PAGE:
Follow these simple guidelines to keep your back in good shape:
Standing… keeping one foot forward of the other, with knees slightly bent, takes the pressure off your low back.
Sitting… sitting with your knees slightly higher than your hips provides good low back support.
Reaching… stand on a stool to reach things that are above your shoulder level.
Moving Heavy Items… pushing is easier on your back than pulling. Use your arms and legs to start the push. If you must lift a heavy item, get someone to help you.
Lifting… kneel down on one knee with the other foot flat on the floor as near as possible to the item you are lifting. Lift with your legs, not your back, keeping the object close to your body at all times.
Carrying… two small objects (one in either hand) may be easier to handle than one large one. If you must carry one large object, keep it close to your
Sleeping… sleeping on your back puts 55 lbs. of pressure on your back. Putting a couple of pillows under your knees cuts the pressure in half. Lying on your side with a pillow between your knees also reduces the pressure.
Weight Control… additional weight puts a strain on your back. Keep within 10 lbs. of your ideal weight for a healthier back.
Quit Smoking… smokers are more prone to back pain than nonsmokers because nicotine restricts the flow of blood to the discs that cushion your vertebrae.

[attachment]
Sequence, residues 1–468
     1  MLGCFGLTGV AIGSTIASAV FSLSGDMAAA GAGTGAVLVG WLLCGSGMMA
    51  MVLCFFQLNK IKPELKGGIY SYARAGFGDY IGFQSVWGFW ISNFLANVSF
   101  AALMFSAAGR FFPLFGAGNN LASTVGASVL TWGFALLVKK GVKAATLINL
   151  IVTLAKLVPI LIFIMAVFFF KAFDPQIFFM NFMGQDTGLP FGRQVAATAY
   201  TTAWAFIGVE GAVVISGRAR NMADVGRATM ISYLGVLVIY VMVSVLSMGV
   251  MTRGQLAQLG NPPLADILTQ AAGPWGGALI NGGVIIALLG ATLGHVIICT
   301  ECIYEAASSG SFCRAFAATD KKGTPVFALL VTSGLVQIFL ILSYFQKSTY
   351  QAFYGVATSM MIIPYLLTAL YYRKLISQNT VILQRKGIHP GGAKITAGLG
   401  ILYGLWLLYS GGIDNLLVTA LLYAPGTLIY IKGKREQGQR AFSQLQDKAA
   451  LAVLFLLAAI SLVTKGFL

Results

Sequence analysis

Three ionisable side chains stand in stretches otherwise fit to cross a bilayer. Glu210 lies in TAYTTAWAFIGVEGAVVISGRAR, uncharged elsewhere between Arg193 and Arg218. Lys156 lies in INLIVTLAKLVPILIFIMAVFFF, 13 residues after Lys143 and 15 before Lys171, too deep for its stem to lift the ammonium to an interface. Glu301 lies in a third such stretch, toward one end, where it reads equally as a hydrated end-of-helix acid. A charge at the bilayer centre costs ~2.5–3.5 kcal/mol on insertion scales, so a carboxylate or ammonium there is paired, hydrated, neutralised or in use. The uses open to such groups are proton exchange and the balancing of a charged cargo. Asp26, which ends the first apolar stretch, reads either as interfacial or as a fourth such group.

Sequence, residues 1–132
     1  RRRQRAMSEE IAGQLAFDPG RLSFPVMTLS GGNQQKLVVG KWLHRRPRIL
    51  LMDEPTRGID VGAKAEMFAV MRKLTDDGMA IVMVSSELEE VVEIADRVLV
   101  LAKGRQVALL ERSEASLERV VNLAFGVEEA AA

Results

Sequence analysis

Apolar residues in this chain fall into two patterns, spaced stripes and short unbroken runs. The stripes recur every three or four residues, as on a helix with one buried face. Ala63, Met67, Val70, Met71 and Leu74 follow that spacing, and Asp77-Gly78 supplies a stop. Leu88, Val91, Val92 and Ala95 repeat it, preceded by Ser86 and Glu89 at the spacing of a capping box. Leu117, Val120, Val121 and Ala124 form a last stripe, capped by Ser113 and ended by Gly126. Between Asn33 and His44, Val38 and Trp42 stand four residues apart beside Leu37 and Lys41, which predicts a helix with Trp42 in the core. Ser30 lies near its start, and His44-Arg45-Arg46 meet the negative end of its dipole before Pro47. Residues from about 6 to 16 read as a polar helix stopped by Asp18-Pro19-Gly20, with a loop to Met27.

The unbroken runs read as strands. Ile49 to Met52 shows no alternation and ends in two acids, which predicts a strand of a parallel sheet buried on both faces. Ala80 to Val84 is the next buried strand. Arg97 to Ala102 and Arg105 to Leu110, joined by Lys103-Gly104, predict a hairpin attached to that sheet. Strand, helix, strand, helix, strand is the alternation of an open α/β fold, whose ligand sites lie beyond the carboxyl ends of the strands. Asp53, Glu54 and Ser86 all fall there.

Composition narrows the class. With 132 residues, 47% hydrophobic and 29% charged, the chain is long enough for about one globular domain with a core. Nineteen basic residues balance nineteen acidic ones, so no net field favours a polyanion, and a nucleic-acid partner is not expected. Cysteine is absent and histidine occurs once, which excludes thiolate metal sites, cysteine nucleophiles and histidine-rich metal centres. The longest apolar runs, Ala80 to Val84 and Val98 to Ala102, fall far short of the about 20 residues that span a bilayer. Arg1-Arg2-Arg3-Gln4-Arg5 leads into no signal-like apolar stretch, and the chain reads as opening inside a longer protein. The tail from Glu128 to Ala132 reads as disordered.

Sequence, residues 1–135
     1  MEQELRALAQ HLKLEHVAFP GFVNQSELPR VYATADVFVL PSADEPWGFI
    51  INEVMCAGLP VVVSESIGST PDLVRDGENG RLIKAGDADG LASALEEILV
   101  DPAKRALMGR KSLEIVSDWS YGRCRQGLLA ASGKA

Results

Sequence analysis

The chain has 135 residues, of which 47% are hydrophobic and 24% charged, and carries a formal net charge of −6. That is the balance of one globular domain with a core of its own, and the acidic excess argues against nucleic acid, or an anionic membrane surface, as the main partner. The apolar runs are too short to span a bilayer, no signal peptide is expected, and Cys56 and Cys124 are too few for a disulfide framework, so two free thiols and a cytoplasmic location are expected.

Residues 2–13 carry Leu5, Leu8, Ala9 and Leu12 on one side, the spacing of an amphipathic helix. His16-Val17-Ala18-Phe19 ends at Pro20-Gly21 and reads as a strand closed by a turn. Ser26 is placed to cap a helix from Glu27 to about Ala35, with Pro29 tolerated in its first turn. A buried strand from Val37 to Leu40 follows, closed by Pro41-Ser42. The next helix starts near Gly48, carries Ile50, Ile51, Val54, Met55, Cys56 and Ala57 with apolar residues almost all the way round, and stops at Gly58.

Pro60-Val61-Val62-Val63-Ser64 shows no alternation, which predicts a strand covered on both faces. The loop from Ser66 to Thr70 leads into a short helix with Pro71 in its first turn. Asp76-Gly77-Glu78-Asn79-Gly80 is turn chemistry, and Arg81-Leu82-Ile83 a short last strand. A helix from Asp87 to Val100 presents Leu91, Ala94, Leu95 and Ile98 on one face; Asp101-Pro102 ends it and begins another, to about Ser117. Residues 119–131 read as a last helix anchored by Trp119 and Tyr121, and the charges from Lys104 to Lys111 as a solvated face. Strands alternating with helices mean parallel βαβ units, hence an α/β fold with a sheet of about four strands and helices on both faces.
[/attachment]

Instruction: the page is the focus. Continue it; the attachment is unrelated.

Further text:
Minor Back Pain… treat minor back pain with anti-inflammatories and gentle stretching, followed by an ice pack.
We all want to live happy and fulfilling lives and we want the people we love to be happy too. So happiness matters to all of us.
Happiness is about our lives as a whole: it includes the fluctuating feelings we experience everyday but also our overall satisfaction with life. It is influenced by our genes, upbringing and our external circumstances – such as our health, our work and our financial situation. But crucially it is also heavily influenced by our choices – our inner attitudes, how we approach our relationships, our personal values and our sense of purpose.
There are many things in life that matter to us – including health, freedom, autonomy and achievement. But if we ask why they matter we can generally give further answers – for example, that they make people feel better or more able to enjoy their lives. But if we ask why it matters if people feel better, we can give no further answer. It is self-evidently desirable. Our overall happiness – how we feel about our lives – is what matters to us most.
In recent years there have been substantial advances in the science of well-being with a vast array of new evidence as to the factors that affect happiness and ways in which we can measure happiness more accurately. We now have an opportunity to use this evidence to make better choices and to increase well-being in our personal lives, homes, schools, workplaces and communities.
The research shows that we need a change of priorities, both at the societal level and as individuals. Happiness and fulfilment come less from material wealth and more from relationships; less from focussing on ourselves and more from helping others; less from external factors outside our control and more from the way in which we choose to react to what happens to us.
If we agree that for all human beings it is important that they experience happiness and escape misery, then it follows that the best society is the one in which there is the least misery and the most happiness.
On this basis, everyone’s happiness counts equally. This includes the happiness of everybody now alive as well as that of future generations. So it is important that we act in a way that takes the happiness of all into consideration. If we can agree on this then we’re one step closer to achieving a happier society.